Abraham de Moivre was born in France in 1667, a year after the Great Fire in London. de Moivre arrived in London in the late 1680s. Leading up to his emigration, life in France for Huguenots, i.e. French Protestants, was growing ever more uncomfortable.

As Louis XIV consolidated power, he grew to see religious tolerance as a sign of weakness. In 1685, with the Edict of Fontainebleau, Louis XIV revoked the protections afforded to Protestants by the Edict of Nantes. Huguenots were expelled and imprisoned. de Moivre was imprisoned in a priory at the age of 18, presumably with the intent of conversion.

Within a few years, de Moivre made his way to London. Despite the distraction of persecution (or maybe because of it), de Moivre had been studying math of his own for years, and, in London, he worked as a private math tutor. He carried pages of Newton’s *Principia* in his pocket so that he might read and study on his way from one appointment to another.

Over time, de Moivre befriended both Halley and Newton. He served on the commission of the Royal Society that attempted to sort out who found calculus first: Newton or Leibniz.

Early in the 18th century, de Moivre published a paper which included a formula for the power of a complex number. This was before Wessel, Argand, or Gauss cast complex numbers as geometrical objects and before Euler worked his magic. However, we have the benefit of living in de Moivre’s future, and we can use what conceptions we might.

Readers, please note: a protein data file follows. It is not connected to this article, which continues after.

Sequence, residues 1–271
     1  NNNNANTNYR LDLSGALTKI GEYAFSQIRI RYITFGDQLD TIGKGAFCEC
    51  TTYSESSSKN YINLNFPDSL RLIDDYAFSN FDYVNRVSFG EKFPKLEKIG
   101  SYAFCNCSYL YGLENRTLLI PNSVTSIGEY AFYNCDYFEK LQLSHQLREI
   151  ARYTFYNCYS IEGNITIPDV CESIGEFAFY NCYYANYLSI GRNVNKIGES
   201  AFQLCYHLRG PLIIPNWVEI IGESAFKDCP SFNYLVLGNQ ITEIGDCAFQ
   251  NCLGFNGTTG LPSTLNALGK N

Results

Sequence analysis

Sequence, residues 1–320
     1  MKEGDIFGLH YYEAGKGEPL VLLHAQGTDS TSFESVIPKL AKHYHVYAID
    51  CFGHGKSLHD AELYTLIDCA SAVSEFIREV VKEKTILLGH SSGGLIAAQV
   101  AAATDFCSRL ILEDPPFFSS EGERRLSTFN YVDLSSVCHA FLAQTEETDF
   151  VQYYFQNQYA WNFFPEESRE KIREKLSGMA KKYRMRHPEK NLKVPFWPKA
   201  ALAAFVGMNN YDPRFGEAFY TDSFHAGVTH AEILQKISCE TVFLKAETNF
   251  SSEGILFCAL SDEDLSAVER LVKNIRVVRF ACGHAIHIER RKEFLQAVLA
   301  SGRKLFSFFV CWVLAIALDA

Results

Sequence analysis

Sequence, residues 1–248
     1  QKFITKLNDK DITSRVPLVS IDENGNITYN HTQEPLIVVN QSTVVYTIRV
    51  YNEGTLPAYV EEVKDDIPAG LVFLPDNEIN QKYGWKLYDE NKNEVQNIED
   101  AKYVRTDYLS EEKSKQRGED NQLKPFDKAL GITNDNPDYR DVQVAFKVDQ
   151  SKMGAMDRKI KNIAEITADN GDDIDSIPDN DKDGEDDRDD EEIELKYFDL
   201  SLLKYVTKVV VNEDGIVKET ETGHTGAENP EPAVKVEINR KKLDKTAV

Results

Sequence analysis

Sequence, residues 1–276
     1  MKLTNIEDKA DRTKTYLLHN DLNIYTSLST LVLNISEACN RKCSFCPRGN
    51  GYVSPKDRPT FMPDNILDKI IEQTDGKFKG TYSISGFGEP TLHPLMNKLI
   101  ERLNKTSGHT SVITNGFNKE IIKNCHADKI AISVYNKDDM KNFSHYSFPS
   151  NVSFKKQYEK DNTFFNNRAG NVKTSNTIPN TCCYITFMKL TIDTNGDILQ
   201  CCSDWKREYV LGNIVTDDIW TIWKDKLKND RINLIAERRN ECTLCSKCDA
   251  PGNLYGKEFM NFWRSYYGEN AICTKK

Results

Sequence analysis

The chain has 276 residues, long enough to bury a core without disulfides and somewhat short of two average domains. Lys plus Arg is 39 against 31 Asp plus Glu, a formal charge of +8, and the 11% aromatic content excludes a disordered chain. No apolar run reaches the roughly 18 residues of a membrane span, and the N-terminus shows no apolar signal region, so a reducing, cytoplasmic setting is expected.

Recall, polar coordinates were introduced in a recent post.

Polar | Rectangular |

Then, in the last post, things went square.

Recall from a couple of weeks ago, *a*, *b*, and *r* have a trigonometric relationship. If I choose a point such that the magnitude, *r*, is 1, then *a* = cos *θ* and *b* = sin *θ*. Let substitutions commence.

Invoke Euler’s formula on the left.

I think you will agree that *z*^{2} = *z*^{2}.

If you let *n* = 2, this last equation is a consequence of the shortcut known as de Moivre’s formula.

de Moivre published this formula in 1722, before Euler’s formula was available. A couple of decades later, Euler proved de Moivre’s formula for any real *n*. Of course, Euler had access to Euler’s formula. de Moivre’s formula gives us a shortcut to trigonometric identities. Let’s go back to the equation above with cos 2*θ* + *i*sin 2*θ* and do a little footwork.

Given the graphical representation of complex numbers, you might accept the fact that when two complex numbers are equal, the real parts have to be equal and the imaginary parts have to be equal.

Real | Imaginary |

Voila, formulas for cos 2*θ* and sin 2*θ*.

Late in life, de Moivre starting sleeping 15 minutes more each night. He predicted he would die when he reached the day when he would sleep 24 hours. That day came in November of 1754.

*References*

Ball, W.W.R. *A Short Account of the History of Mathematics*. Macmillan & Co., LTD. 1912.

Nahin, Paul J. *An Imaginary Tale*. Princeton University Press, 1998.

O’Connor, John J.; Robertson, Edmund F., “Abraham de Moivre.” From *MacTutor History of Mathematics archive*, University of St Andrews. http://www-history.mcs.st-and.ac.uk/Biographies/De_Moivre.html